New University apartments policy requires relocation


Morgan O'Hanlon

A change in University Housing Department policy will require the residents of two University apartment complexes who live with family members to relocate. Roommates the University deems nonfamilial won’t be allowed to go with them.

The University apartments are currently reserved for families, graduate students and undergraduates with at least 30 hours of credit and in good standing at the University. The new policy designates Brackenridge as the only University apartment complex to allow families to live together. Residents currently living with family members in Colorado or Gateway will have to move into Brackenridge, and, under the new policy, all residents living in Colorado and Gateway Apartments must be University-affiliated. The University said it would provide a $500 credit to offset moving expenses. 

In a letter sent via email on Monday, UHD defined family members to be “individuals who are related to the contract holder by marriage, dependency or some other form of recognized familial relationship.” It has since clarified this definition to include common law marriages, civil unions, domestic partnerships, informal marriages, fiancées, dependent minors, parents and siblings. 

In the letter, UHD explained the changes would allow the department “to contract with approximately 190 more UT-Austin students than in previous years.”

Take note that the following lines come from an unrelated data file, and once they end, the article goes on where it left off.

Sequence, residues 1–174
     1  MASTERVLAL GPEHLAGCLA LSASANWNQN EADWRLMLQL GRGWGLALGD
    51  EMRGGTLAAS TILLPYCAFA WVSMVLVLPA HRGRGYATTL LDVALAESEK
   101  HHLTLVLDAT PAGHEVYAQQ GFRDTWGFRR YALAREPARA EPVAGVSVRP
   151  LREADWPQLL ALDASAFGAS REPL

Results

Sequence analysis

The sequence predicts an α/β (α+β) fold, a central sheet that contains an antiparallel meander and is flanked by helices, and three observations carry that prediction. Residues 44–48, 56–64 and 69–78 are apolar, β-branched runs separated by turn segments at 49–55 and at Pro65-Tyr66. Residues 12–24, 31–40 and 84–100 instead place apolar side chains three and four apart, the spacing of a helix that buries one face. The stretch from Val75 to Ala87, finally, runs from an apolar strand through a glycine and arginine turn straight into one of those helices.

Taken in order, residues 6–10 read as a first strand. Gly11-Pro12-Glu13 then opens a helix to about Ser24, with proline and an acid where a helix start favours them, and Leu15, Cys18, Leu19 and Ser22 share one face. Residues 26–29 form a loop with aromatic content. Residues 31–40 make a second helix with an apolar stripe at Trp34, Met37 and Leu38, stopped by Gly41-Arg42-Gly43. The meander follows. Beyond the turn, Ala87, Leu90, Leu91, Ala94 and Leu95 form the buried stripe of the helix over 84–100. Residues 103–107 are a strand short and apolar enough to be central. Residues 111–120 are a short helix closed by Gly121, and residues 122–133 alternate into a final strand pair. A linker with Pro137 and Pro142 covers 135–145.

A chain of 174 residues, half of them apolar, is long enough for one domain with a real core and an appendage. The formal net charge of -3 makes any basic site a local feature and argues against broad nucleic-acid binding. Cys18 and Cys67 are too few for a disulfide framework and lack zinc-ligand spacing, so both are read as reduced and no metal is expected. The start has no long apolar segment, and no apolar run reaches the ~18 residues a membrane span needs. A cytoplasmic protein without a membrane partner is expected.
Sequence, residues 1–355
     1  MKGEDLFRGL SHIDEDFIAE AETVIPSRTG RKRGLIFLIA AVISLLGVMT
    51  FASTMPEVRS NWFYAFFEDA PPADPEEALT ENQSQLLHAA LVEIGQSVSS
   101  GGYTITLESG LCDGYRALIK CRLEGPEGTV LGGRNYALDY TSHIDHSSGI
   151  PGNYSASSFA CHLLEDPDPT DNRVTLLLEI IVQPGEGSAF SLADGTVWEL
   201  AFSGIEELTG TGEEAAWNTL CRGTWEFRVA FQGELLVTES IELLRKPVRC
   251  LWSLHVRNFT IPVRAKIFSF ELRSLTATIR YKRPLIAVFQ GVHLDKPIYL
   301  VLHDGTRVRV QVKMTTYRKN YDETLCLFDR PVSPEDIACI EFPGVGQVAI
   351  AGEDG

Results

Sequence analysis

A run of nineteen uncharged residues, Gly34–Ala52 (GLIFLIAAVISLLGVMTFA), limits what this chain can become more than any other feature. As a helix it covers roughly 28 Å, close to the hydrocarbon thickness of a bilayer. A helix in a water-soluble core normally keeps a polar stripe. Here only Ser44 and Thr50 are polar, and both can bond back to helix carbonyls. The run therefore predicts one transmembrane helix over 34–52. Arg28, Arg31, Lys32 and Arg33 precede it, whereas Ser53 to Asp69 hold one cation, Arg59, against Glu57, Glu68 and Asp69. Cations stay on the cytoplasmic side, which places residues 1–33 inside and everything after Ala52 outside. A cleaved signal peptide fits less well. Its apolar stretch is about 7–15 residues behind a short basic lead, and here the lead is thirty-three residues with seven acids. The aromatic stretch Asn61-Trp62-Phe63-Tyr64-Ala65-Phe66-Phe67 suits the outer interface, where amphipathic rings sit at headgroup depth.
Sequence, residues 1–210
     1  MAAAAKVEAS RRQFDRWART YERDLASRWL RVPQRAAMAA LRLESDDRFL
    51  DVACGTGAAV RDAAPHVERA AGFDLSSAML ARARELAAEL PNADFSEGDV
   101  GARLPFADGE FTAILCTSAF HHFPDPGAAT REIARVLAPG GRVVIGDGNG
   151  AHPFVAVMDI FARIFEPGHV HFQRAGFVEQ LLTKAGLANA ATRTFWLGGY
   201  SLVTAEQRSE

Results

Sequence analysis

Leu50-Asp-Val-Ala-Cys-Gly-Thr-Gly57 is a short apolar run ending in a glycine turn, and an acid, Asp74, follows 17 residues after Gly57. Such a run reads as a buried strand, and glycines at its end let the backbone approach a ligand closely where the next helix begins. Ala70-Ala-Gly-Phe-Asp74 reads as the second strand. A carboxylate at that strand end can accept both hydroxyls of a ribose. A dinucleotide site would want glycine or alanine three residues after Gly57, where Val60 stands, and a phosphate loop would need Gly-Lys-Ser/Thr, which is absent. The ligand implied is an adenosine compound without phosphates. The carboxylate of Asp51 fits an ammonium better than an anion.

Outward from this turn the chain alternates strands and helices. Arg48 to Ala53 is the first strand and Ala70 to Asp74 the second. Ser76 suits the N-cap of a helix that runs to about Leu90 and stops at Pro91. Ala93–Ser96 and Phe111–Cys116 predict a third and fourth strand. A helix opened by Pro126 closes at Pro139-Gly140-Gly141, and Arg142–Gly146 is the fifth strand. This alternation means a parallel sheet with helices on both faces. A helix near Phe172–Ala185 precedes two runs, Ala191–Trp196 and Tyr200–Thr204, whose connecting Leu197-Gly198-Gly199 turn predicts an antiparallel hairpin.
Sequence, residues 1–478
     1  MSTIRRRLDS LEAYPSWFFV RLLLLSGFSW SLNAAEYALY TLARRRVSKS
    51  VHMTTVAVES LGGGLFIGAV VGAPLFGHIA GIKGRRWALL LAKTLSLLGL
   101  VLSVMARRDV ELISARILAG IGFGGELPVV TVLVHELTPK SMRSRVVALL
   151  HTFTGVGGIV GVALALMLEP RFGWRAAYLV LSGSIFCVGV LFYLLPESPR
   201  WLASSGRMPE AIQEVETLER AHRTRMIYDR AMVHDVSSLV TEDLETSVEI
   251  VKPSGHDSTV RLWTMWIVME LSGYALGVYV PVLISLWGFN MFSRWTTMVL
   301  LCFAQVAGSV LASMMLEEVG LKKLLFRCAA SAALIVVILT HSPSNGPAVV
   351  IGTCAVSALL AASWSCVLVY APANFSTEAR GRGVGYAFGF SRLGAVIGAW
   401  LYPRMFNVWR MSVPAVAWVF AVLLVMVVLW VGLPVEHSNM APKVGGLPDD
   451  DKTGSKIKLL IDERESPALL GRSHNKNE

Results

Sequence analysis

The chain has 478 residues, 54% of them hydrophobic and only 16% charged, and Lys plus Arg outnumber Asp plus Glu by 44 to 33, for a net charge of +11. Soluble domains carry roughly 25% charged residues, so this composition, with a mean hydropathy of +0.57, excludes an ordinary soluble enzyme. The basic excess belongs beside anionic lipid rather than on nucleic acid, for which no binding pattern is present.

Graduate Student Assembly President Samantha Fuchs said graduate students are frustrated with the policy, primarily due to the way it was rolled out. Residents were notified of the these changes, which will go into effect on July 1, on Monday, giving contract holders who want to live in family housing only two weeks to submit a signed affidavit attesting to the nature of their familial relationships by a deadline on March 22.


“Two weeks is too short of a timespan to consider all these changes,” Fuchs said. “Residents will have to make a decision about whether to stay or return.”

Giorgio Paulon, a statistics PhD student, moved into a two-bedroom apartment in UT’s Colorado building less than two weeks ago with his boyfriend. Paulon, who said he was on the apartment waitlist for two years, wanted to live in the Colorado Apartments because of its low cost and proximity to class and colleagues. 

When they moved in, Paulon’s boyfriend was required to register with the University as a permanent resident. Even if their partnership was classified as a familial
relationship under the new University Housing Department policy, Paulon said he and his boyfriend would still be forced to go through the hassle of moving.

“Every person that I’ve talked to is against this,” Paulon said.

UHD has planned six community Q&A meetings to discuss the policy change. Only two of those meetings will occur before the deadline to complete the occupancy preference form. Both are during spring break. 

Other policy changes include new occupancy limits, a rent increase and a reduction of the maximum contract term limit from seven to five years. Underpaid at UT will host a town hall meeting today from 3 to 5 p.m. to address all changes.